Finally, in the places where America was willing to augment the actions of others or work unilaterally, the results were pretty lousy — Iraq, Syria, and Libya all stand out as examples here. In these cases, the United States either committed too little or did too little, or proscribed our involvement in ways almost certain to be ineffective (limiting ourselves to involvement from the air, being far too hesitant to deploy some much needed boots on the ground), or got in and got out too fast. In the case of Iraq today, the result is that we have ended up, as has often been noted, flying air support for an Iran-led or an Iran-supported initiative that has not only failed to defeat our enemy, it has empowered forces who do not have our interests at heart. You might call that burden sharing. But if in the end, the Iranians are seen as the victors or the saviors of Shiite Iraq — or, worse, Iran and the Islamic State each end up with a slice of a divided Iraq — our allies will be more threatened than they were before and so too will be our long-term interests in the region.

That’s the point. While I am deeply sympathetic to the president’s impulse to avoid the mistakes of the Bush years, it is now clear that unilateralism, multilateralism, interventionism and/or strategic withdrawal all share one common reality — the trick is in the implementation. Too little is as bad as too much. Too cautious is as bad as too reckless. It may not feel that way at first, but if, for example, the Middle East descends into a major region-wide war and our long-term interests are at risk or we are drawn in at a more dangerous moment, we will recognize just how costly mismanaged restraint can be. Indeed, one of the risks of relying on other people’s armies is that while we may be wise to exercise caution, they may not be — and we may still pay the price either through economic costs, threats to allies, spread of unrest, or other factors.

One place this might, in fact, be seen has to do with the idea of achieving equilibrium — because while one form of equilibrium is peaceful balance, another is permanent, festering conflict. There is a kind of deadly equilibrium in Syria right now. There is one between Israel and Palestine. We can hardly afford more such “balance.”

Those who say it is high time we realize the region is not our problem must recognize that we have been lucky so far. Unrest has not impacted oil prices, but that does not mean it won’t. Unrest has not led to an arms race — but just as the Iran nuclear deal can be seen as imposing useful constraints on Iran’s nuclear program, it can also be seen as defining anew what is acceptable for other nations in terms of laying the foundations for their own nuclear weapons capability. Should the result be in a few years that the Saudis and others are near-nuclear and then they or the Iranians decide to go the next step, it should go without saying that the stakes for the world and for the United States could be very high indeed.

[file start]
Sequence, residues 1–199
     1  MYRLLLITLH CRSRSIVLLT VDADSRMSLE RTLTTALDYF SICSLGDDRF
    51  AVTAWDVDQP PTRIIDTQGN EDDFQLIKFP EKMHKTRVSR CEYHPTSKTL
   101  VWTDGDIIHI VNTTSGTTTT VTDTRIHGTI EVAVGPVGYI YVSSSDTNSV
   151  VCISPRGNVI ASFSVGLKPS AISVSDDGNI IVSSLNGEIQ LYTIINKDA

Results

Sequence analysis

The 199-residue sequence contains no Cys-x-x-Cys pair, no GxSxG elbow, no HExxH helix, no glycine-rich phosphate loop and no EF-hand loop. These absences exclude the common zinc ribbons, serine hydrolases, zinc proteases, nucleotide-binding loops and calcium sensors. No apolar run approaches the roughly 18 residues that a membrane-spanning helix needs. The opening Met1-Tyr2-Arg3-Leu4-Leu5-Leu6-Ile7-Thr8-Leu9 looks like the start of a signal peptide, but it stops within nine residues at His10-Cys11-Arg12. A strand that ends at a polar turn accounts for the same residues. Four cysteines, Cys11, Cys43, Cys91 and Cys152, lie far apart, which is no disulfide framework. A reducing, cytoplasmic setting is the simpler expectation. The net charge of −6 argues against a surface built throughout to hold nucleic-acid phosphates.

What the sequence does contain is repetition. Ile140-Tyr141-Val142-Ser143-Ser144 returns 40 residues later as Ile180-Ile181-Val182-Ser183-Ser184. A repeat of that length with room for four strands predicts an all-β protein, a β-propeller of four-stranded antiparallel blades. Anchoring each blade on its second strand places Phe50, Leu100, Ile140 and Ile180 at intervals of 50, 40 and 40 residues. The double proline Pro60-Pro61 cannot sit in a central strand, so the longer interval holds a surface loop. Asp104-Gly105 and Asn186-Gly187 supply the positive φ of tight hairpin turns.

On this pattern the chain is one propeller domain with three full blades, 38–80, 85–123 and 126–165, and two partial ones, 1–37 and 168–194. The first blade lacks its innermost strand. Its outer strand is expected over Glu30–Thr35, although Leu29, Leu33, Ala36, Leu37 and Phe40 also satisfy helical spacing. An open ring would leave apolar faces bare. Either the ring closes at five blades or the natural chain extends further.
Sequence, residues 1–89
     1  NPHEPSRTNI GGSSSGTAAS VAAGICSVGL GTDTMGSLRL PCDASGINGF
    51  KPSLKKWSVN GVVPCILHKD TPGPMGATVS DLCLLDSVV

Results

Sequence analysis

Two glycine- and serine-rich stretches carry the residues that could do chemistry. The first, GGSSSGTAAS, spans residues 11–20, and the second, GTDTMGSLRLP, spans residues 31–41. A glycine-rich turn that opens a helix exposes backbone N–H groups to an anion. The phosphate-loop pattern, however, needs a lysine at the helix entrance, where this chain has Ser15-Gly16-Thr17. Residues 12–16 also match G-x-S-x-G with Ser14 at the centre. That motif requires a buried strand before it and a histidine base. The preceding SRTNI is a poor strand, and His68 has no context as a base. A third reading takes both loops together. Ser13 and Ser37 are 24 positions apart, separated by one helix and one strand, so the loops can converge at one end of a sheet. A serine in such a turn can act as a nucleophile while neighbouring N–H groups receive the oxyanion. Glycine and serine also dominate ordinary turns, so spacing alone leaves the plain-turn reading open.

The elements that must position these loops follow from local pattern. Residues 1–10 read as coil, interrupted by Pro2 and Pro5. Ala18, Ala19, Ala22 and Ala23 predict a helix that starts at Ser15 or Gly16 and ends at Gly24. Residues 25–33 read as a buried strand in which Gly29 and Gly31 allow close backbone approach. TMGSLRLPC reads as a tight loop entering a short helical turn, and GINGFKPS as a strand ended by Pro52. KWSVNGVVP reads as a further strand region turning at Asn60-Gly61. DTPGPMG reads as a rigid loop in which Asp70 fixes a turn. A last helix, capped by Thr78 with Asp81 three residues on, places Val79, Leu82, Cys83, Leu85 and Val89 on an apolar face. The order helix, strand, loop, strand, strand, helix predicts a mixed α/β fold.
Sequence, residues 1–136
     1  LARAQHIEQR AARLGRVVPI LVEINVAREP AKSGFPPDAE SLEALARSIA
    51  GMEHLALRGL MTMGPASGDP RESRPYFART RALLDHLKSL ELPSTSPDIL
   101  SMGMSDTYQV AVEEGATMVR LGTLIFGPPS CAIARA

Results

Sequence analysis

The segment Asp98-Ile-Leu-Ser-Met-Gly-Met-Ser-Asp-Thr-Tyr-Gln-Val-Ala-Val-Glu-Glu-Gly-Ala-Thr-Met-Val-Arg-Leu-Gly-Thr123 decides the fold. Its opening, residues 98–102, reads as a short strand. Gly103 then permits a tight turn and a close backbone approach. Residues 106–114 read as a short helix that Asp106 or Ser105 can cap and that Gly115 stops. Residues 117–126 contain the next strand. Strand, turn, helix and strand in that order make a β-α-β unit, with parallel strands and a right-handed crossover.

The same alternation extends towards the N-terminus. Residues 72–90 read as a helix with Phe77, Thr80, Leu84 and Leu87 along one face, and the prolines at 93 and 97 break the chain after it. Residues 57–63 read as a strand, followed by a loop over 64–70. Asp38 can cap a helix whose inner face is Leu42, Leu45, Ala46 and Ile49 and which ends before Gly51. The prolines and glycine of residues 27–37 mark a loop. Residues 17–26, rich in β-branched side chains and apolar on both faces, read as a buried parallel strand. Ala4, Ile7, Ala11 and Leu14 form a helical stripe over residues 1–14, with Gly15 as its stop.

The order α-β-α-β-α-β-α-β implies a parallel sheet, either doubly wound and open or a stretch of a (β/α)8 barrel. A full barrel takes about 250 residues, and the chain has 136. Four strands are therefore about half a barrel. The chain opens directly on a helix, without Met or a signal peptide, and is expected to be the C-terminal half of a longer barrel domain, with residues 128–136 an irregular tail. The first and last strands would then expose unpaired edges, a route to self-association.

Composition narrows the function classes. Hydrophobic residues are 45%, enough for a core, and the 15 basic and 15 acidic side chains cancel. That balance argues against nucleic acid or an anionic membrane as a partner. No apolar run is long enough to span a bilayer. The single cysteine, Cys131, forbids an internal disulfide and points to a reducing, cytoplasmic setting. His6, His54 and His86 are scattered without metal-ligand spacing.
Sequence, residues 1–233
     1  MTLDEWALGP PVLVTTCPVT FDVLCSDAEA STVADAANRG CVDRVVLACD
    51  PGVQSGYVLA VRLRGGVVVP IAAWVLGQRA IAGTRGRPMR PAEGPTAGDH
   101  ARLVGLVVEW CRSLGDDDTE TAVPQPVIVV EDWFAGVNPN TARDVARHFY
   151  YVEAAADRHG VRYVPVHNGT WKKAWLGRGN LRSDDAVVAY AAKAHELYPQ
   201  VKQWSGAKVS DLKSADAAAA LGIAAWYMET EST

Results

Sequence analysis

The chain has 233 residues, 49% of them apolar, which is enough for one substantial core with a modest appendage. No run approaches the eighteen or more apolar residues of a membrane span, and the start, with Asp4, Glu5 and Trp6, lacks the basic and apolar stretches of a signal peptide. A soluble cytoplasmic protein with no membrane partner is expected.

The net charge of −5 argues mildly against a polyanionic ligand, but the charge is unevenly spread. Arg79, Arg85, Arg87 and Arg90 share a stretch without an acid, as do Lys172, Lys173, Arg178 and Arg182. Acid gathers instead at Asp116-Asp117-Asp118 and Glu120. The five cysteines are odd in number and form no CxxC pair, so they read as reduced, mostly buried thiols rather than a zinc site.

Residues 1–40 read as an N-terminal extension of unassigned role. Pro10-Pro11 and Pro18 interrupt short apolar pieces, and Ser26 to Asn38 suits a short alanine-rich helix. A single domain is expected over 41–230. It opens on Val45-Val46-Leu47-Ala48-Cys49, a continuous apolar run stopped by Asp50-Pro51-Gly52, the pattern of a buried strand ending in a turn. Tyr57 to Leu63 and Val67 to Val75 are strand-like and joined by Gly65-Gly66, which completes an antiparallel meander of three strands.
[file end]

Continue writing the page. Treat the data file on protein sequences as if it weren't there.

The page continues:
The current conflict in the Middle East has not yet spread its costs in dramatic ways to other regions, but when foreign fighters return home, it surely will. It has not impacted other future conflicts as it might, as it could in a decade or two when we are no longer trusted in the region but China or others hold more sway. These conflicts have not spread to Africa or South Asia or Central Asia but they easily could.

For these reasons, for all the amity and good will engendered at Camp David, for all the good intentions of the Obama administration which is dedicated to fulfill its commitment to reverse the errors of the Bush years, questions clearly remain about whether the Obama approach reflects applied wisdom or over-learned lessons, prudence or punting today’s problems until tomorrow.

Relying on other people’s armies is a great idea if you can make it work, but the past few years has once again shown that it is easier said than done. And while their victories might come at a lower cost than our own would have, we may end up having to cover the tab for the worst of their failures or defeats. That should be food for thought for the candidates now lining up to replace Obama … because one of them will be the one in office when that tab comes due, as it almost certainly will.

This article was orignially published in Foreign Policy.